SkyDrive for iOS: Microsoft Rebelling Against App Store Subscription Fees

Have you been waiting for Microsoft to update their cloud storage app, SkyDrive, to fix that irritating bug keeping you from downloading multiple files? Well, Microsoft is not ignorant to your plight. It is quite the opposite. Apparently, Apple won’t let Microsoft update its software because the latter is accepting subscriptions within the app and not paying the iOS fee for it.

It is well known that Apple charges 30 percent to developers for all app downloads, plus subscriptions and in-app purchases. Microsoft tried to circumvent that fee when it started offering additional storage space at an additional charge. Once Apple got wind of the in-app subscription option, they stopped allowing updates to SkyDrive.

According to unnamed sources who spoke with TheNextWeb, there is currently a new version of SkyDrive that does fix the crash bug, but Microsoft can’t get it approved because of the in-app purchase option.

Microsoft doesn’t want to pay Apple for the service because the 30 percent cut will continue, even if the user transfers to a different operating system. That is, the monthly charge for additional storage through the iOS SkyDrive app would stay on Apple’s books for as long as the subscriber paid for the account, even if the subscriber switches to an Android-based phone. Sounds unreasonable, right?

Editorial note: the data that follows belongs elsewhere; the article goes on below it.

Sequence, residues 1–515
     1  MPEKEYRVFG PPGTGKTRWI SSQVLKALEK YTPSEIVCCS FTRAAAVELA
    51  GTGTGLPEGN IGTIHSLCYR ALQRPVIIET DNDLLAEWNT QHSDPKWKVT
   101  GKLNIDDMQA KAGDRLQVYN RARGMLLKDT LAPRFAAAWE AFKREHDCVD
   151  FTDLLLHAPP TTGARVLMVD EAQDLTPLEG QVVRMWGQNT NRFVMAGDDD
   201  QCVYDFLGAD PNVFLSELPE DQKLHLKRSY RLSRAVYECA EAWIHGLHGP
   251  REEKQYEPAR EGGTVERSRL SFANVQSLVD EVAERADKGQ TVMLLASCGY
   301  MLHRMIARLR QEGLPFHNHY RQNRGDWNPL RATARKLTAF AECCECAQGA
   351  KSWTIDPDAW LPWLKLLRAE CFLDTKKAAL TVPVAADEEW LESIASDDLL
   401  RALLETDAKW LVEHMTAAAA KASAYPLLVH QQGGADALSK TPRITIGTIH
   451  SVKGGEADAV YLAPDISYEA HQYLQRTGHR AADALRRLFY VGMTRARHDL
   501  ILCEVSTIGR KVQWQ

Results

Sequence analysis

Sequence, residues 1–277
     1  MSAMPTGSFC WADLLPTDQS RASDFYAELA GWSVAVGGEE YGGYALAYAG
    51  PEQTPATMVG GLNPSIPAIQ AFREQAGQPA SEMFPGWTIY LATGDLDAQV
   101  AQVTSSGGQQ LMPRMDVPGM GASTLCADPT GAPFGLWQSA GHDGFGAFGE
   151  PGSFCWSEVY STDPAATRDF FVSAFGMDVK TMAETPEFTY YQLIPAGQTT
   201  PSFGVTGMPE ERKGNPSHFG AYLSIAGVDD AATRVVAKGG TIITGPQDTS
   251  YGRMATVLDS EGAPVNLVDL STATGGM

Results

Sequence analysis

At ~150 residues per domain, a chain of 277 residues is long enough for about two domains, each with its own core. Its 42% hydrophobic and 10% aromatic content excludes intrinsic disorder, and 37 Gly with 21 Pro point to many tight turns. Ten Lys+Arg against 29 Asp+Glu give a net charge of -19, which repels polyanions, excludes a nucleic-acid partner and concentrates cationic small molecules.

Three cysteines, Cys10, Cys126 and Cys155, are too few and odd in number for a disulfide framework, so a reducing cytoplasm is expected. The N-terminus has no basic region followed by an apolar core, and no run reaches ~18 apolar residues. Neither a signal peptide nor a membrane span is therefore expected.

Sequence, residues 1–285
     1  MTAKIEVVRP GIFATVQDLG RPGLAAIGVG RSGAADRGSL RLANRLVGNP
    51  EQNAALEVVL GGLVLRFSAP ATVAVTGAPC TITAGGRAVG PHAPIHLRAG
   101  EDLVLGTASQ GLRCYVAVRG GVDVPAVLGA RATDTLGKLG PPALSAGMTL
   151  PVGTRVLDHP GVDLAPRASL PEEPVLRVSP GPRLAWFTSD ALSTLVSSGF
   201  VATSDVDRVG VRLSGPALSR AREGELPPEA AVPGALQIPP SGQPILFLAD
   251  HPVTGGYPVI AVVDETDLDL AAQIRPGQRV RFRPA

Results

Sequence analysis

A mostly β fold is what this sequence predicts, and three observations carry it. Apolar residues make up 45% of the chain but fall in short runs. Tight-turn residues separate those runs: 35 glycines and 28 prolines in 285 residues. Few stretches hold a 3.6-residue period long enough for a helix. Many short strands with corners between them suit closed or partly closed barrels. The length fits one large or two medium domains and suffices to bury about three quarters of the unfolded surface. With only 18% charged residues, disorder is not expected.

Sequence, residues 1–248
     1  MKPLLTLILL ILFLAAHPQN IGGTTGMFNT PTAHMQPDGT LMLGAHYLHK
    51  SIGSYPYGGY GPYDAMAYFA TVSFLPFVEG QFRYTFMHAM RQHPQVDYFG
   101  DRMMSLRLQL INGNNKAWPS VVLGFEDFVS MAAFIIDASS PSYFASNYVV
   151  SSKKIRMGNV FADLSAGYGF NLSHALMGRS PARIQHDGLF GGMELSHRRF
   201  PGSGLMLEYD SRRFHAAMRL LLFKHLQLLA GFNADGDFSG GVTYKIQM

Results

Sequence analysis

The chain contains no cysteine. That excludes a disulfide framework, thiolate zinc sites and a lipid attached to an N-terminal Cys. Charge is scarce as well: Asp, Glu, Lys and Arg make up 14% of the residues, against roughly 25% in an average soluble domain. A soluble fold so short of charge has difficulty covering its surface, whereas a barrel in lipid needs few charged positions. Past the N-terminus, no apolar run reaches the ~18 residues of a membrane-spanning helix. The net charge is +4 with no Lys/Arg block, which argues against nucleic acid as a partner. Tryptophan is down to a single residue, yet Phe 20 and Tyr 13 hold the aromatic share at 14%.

Apple lays out its guidelines for in-app revenue pretty clearly. “Apps utilizing a system other than the In App Purchase API (IAP) to purchase content, functionality, or services in an app will be rejected. Apps that unlock or enable additional features or functionality with mechanisms other than the App Store will be rejected.” So Microsoft knew better when it signed up for iOS.

According to TheNextWeb, Microsoft offered to remove subscription options from within the app, and having users pay for the additional storage somewhere else. Apple rejected the offer because it still conflicts with the company’s policy.

Apparently, Apple is even making things difficult for developers who include SkyDrive compatibility in their apps. TheNextWeb cited two developers whose apps were rejected by Apple for including sign-in buttons for SkyDrive. Apple told one developer that, “The log in interface must be native and not a link or a web view.”

There doesn’t seem to be any way for both parties to compromise in this situation. Apple may be unreasonable in its demand of 30 percent of revenue under circumstances like these, but Microsoft knew what they were getting into when they decided to make an app for iOS.

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About Lory: Writer of all things app related, traveler of the space-time continuum, baker of really great cookies. Follow me @appaholik